Michael Peterson, who changed his name to Charles Bronson, told prison officers that he had had "a bad day" after bundling the captives into his cell and threatening to snap their necks and cut their throats unless he was freed.
Bronson, 44, has spent 21 of the past 25 years in solitary confinement because of dangerous behavioural problems, a court at the Old Bailey was told.
On 27 September last year, he exploded into a rage shortly after breakfast at Belmarsh Prison, south-east London, grabbing two Iraqi prisoners and his only "friend" before tying them up and demanding a helicopter and a sub-machine gun.
Jeremy Donne, for the prosecution, said Bronson first said he intended flying to Cuba in the helicopter before changing his plan and asking to be taken to Heathrow, from where a jet was supposed to fly him to Libya.
If his demands were not met within an hour, he told negotiators: "You will have to bring in four bodyguards and four body bags. I have a blade and will cut them up. None of us are going to leave, even if it means me getting one in the head. I am number one hostage-taker."
Eventually, he surrendered without further incident.
Asked how he pleaded to charges of threatening to kill the hostages, he replied: "Guilty - as guilty as OJ Simpson" and "Guilty - as guilty as Adolf Hitler."
The Iraqi prisoners are accused of hijacking a Sudan Airways jet to London last year.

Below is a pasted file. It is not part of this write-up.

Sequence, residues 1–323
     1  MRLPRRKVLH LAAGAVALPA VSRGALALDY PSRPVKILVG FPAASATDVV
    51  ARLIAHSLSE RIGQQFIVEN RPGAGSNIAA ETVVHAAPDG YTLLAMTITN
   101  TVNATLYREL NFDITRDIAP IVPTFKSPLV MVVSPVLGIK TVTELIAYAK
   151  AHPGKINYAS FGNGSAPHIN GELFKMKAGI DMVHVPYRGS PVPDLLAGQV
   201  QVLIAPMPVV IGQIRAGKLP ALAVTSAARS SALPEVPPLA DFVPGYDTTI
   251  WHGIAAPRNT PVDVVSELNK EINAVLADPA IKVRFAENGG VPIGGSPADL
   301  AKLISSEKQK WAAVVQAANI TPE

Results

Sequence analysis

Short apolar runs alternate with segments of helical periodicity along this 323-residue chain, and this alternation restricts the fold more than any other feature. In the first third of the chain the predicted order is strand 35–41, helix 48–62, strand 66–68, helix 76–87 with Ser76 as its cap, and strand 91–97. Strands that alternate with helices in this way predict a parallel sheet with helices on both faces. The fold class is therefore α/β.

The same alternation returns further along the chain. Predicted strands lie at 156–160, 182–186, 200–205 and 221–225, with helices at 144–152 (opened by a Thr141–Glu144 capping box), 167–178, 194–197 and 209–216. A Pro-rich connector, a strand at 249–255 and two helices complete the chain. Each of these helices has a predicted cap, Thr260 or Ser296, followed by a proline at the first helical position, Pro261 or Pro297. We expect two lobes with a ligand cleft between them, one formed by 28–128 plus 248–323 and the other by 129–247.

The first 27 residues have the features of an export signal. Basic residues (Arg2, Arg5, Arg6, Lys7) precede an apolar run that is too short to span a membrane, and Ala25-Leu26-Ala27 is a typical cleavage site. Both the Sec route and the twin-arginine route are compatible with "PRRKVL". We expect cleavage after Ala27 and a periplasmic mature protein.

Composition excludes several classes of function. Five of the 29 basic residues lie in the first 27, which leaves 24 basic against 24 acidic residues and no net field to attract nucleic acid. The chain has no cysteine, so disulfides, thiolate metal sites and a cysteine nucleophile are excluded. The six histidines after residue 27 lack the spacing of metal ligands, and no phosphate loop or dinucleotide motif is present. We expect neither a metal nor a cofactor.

Mr Donne said Bronson was considered by the Prison Service to be the most disruptive inmate in the country.
He was transferred to Belmarsh in 1996 where governors and prison staff put a great deal of effort into his social development. But, he added, Bronson "had a clear problem in getting on with other prisoners.
"He is a large, strong man who keeps himself extremely fit and has been known to bend cell doors with his bare hands," Mr Donne told the court.
"Because of his strength and unpredictable behaviour and attitude to other prisoners, he has spent 21 of his last 25 years in segregated units - effectively in solitary confinement."
Isabella Forshall, for the defence, said Bronson had told her: "It was a bad day. I hope it will never happen again."
She said his management in prison had sometimes been exacerbated by conditions and prolonged isolation which left him phobic with other people. He was so isolated, he once asked for a blow-up doll - not for sexual reasons, but for someone to talk to. It was not granted.Reuse content